When we give our blood to mosquitoes in the jungle, we say: “But why do they have to sting me? Why do we have mosquitoes in the world?” While I’m damaging the world on a hard to sense extent ‒ trampling dry leaves, compressing the soil, and changing the conditions of the micro-world ‒ mosquitoes are simply getting a small compensation in the form of a drop of blood, and so my metabolism feeds the jungle again. There’s no need to die completely to be involved in this exchange relation, it isn’t a symbolic or hypothetical exchange, it’s something alive, which happens constantly.

D.L.: It’s very interesting to me that you brought the word “intoxicating.” I’m in a grieving process right now. It’s been almost three months since my father died of Covid-19. At the same time, death has interested me for many years, its rites, a way out of this life and death binary nature and now I’m also going through a process of death of my own. But when you say “intoxicating,” I’m left with these fuzzy questions: why is there death? Where does it start? Where does it end? Why do things rot?

B.B.: Because they need to reorganise constantly; even in chemistry and physics the stability notion can never be complete, because if it were so the world would be motionless. So it takes an imbalance ‒ which can be quantum, atomic, molecular ‒ that propels the fall, propels the encounter; in biology this process ends up being putrefaction; in ecology, the disturbance ‒ a fire that destroys a forest or a flood that renews it. There’s no way for a planetary and environmental balance. This opens up a complex space in the climate change discussion, for example, and the world transformation. What are the limits of rotting not to make everything collapse and then end up like Venus, without being able to perform biological processes? What’s certain is that rot is the engine of transformations, but it works within concrete and delicate limits of possibility, which make things either be one or another.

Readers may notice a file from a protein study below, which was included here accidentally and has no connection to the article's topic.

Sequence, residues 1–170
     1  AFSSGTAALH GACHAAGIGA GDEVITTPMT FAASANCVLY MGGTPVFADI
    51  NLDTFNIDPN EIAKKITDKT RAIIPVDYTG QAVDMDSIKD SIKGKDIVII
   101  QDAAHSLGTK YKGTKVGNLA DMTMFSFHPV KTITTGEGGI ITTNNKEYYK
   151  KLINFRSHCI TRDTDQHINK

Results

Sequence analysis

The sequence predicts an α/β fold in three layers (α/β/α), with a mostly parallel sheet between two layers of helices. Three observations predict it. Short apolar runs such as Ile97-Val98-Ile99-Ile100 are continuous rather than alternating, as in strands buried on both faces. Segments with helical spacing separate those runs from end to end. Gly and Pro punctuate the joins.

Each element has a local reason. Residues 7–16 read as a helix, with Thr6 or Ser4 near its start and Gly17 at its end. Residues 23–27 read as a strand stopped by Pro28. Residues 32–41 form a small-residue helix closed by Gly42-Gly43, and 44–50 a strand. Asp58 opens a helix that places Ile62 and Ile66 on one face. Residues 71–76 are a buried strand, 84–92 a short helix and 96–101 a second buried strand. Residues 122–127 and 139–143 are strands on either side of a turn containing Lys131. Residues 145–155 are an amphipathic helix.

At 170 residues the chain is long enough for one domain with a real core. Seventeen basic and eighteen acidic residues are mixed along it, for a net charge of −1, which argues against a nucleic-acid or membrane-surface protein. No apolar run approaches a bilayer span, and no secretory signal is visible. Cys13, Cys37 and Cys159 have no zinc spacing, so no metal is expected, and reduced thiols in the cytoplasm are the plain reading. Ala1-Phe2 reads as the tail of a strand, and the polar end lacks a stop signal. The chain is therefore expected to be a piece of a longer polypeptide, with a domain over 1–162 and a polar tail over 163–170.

On gender, we always feel very unstable, fortunately unstable, because it’s a sum of almost infinite attributes, full of possibilities and gestures and moments of pleasure and pain; throughout history, by a reproductive guarantee, our femininities and masculinities have tried to see themselves extremely simplified, which however no longer works, as we’ve reached a point where we’re collapsing into simplicity.

So, I say that we all have to become a little our opposites in terms of gender; otherwise, the macho affirmation, the authoritarian affirmation of solid becomes something immensely dangerous and even lethal, because it inhibits change, creativity, the possibilities of being. We don’t want a frozen world, we want a moving world, a world that is unstable, but not so unstable as to make it collapse, of course.

M.L.: In the first conversation we had with Giuliana Furci, from Chile, she told us that rotting begins after the peak of reproduction, and that from there, a being starts to decay and rot, and that the most important moment of a tree is when it falls, because from there other beings and other lives will proliferate. Daniel and I reflect a little on this difference between reproduction and proliferation, and how these concepts are distinct, but also dialogue in some way with the life and death cycles.

B.B.: I really like this analogy that the tree is surrendering, leaving the fungi, bacteria or plants to take their body to, finally, transform into soil and reincorporate into the rest of a forest.